Converting a used mini-fridge to a kegerator is a cheaper way to go than buying a brand new unit. I built my 2tap tower including fridge, tower, tap handles, 3 kegs, CO2 tank, all lines & connections for just over $300.

I’ve never brewed a thing in my life, only helped a Buddy brew several batches, extract brewed.
All good stuff!
When I decided I wanted to get into brewing, I looked at the pros and cons of of all the different brewing and packaging / serving / dispensing style.

I set my mind that I wanted to do all grain right off the bat, mainly for all the advantages mentioned above, plus I like gathering or making the equipment that I will need.

That said, my pockets ain’t bottomless :shock:

So, I began shopping Craigslist mainly, for people who might be getting out of the art, or people cleaning out warehouses, storage rentals, etc…

I made myself aware of what I think are the most important things, being cleanliness, sanitation, temp control, and attention to detail.

It all looks like fun, with my only downfall being mathematically challenged, but hey, work that shit out well in advance, and go from there!

I’ll either brew a lot of beer that I love, or a lot of beer that tastes like ass, but I have been known to learn, a LOT, from my mistakes!

Get as much “leash” as ya’ can, especially if she likes beer( my Wife likes Dos Equis,Hefeweizen’s, Trappist brews), and shop wisely for some cooking, mashing, and kegging equipment.
It’s out there, as evidenced by my post that starts with"Here’s what happens…"

And support our host here for the stuff ya’ don’t find otherwise.
:cheers:

One of the many reasons I’m learning to appreciate the crowd here, the answer was not even something I had thought of. I am not controlling fermentation temps well at all.

Going to start researching, some methods to do so now. Have read the stuff in Nighthawks sig, any other recommendations about preferred ways to do so?

Get a wort chiller and the biggest fridge you can fit in your home (or the biggest the wife/girlfriend/significant other will allow). Make sure to pick up a temp controller. Again, look for used fridges to keep costs down. A mini fridge is good for fermenting single batches, but if you have a garage or basement where you can fit something bigger, that would be ideal.

Controlling fermentation temps is one of the biggest ways to improve your beer. I’d list it right after sanitation and proper yeast pitching/handling.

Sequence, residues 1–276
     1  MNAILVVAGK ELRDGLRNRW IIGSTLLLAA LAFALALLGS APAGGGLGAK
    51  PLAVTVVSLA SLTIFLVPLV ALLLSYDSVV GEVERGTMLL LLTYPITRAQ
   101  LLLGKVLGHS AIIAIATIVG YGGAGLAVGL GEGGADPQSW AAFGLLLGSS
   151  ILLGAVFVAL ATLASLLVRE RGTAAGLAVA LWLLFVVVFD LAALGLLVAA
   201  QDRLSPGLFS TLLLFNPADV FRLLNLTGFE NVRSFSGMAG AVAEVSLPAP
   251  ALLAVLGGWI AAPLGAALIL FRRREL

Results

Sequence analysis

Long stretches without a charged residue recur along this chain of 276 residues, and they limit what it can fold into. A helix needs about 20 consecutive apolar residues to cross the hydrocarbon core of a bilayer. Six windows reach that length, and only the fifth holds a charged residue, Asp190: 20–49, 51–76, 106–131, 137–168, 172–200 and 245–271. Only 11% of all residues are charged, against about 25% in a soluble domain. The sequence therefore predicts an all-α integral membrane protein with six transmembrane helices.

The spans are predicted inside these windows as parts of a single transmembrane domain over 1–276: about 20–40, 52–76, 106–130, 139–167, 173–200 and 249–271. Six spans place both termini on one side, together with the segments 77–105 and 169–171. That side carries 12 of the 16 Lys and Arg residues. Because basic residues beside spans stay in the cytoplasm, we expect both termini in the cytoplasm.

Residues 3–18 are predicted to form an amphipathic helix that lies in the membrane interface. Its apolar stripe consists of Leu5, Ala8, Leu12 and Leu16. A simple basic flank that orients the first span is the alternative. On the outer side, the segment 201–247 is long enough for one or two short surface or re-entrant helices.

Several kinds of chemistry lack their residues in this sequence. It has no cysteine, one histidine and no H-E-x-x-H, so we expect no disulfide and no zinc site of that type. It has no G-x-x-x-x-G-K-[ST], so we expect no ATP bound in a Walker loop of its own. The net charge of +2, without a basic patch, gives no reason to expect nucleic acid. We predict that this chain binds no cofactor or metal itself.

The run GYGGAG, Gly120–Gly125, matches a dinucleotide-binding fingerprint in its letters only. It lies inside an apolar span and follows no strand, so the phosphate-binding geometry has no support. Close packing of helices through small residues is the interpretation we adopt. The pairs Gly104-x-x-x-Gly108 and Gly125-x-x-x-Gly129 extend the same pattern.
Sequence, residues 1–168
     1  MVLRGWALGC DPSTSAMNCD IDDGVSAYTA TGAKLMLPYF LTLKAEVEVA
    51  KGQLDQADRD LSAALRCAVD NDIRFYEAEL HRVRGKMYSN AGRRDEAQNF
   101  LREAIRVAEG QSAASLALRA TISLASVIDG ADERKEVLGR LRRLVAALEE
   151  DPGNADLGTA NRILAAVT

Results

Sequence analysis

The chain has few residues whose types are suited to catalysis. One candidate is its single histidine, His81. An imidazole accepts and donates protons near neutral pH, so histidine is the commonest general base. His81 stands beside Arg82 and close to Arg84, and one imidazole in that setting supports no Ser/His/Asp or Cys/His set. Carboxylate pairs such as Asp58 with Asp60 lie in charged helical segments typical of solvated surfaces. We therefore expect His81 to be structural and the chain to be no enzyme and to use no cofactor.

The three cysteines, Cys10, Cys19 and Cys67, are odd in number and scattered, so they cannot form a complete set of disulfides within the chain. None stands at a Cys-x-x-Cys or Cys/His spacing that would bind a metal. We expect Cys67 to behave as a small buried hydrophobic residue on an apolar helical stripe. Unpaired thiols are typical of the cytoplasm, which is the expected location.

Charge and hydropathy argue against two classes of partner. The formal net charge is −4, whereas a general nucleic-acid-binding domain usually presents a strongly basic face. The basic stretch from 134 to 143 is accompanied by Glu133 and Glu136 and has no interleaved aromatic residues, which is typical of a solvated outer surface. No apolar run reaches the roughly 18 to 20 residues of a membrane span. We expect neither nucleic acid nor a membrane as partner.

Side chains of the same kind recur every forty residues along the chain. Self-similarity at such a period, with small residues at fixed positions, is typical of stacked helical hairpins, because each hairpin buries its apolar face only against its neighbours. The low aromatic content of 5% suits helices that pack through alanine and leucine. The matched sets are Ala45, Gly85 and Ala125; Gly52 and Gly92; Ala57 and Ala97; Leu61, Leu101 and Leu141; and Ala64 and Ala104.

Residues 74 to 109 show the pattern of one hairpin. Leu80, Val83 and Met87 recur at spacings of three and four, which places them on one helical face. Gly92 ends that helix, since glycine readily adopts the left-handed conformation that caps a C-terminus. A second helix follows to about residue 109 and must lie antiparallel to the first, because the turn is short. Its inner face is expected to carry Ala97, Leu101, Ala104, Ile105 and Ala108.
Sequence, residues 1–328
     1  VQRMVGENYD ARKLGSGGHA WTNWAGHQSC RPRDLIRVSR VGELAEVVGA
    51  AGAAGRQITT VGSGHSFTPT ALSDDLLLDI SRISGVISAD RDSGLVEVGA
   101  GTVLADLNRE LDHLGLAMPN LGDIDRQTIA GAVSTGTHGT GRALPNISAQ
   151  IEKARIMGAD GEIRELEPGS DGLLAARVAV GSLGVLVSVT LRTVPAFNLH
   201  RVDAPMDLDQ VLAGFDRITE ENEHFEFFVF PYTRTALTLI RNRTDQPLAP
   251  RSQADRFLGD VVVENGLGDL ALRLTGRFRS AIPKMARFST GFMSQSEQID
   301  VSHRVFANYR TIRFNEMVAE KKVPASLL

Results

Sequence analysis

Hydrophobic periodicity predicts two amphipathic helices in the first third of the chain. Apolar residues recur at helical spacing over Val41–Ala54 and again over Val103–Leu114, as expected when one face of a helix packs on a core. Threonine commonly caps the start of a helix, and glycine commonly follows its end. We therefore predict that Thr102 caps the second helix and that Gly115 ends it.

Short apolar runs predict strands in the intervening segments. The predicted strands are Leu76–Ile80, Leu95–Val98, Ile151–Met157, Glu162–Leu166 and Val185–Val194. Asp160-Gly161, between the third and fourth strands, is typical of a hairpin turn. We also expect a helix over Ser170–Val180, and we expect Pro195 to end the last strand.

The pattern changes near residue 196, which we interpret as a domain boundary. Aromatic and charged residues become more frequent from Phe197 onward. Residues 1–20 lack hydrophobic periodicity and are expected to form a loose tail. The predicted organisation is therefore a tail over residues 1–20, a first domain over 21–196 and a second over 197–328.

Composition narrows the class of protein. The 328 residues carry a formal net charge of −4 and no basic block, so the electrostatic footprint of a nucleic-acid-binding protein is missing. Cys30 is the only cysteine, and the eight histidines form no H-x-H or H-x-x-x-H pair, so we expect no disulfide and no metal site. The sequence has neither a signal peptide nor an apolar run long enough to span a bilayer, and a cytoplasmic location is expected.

temp control will improve the quality of your beer better than AG or kegging. Kegging is fun, and its a great luxury to have beer on draft, but I’ve been to plenty of homebrewers houses who have really mediocre and in some cases, ‘not great’ beer on tap. When I ask them how they control temps, they give me a quizzical look. That is usually when I dump the pint glass I am holding into a nearby plant to avoid a fusel headache.

You don’t need a fancy fridge, you can do it with a swamp cooler. But if you are making equipment upgrades, this is by far the best way to improve the QUALITY of your brews.

It all depends what you want though. If you want to show off to your friends and have a convenient way to carb and serve your beer, maybe kegging is the way to go. If you are super curious about learning how to control mash enzymes, maybe go AG. If you have some dough to blow though, do BIAB and get some temp control. You will notice a difference.

  • whatever to temp control first.

Brewing AG is as simple as getting a 10-gal kettle (as cheap as $20 if you go the aluminum tamale pot route) and three 5-gal nylon paint-strainer bags (less than $5). Use the no-sparge method to KISS and you’re making the same beer as someone with a $5K HERMS system.

Kegging is great if you have the refrigerated space to keep multiple kegs on tap, but I would get these other two things in line first and then look at kegs.

How much fermentation can you get into a fridge? I’m between that, and building something like the “son of a fermentation chiller” build I found online.

Cost is a relative issue, in the more spent on equipment, the less I can spend on my next actual brews!

There’s plenty of local used refrigerator’s for 75-100ish.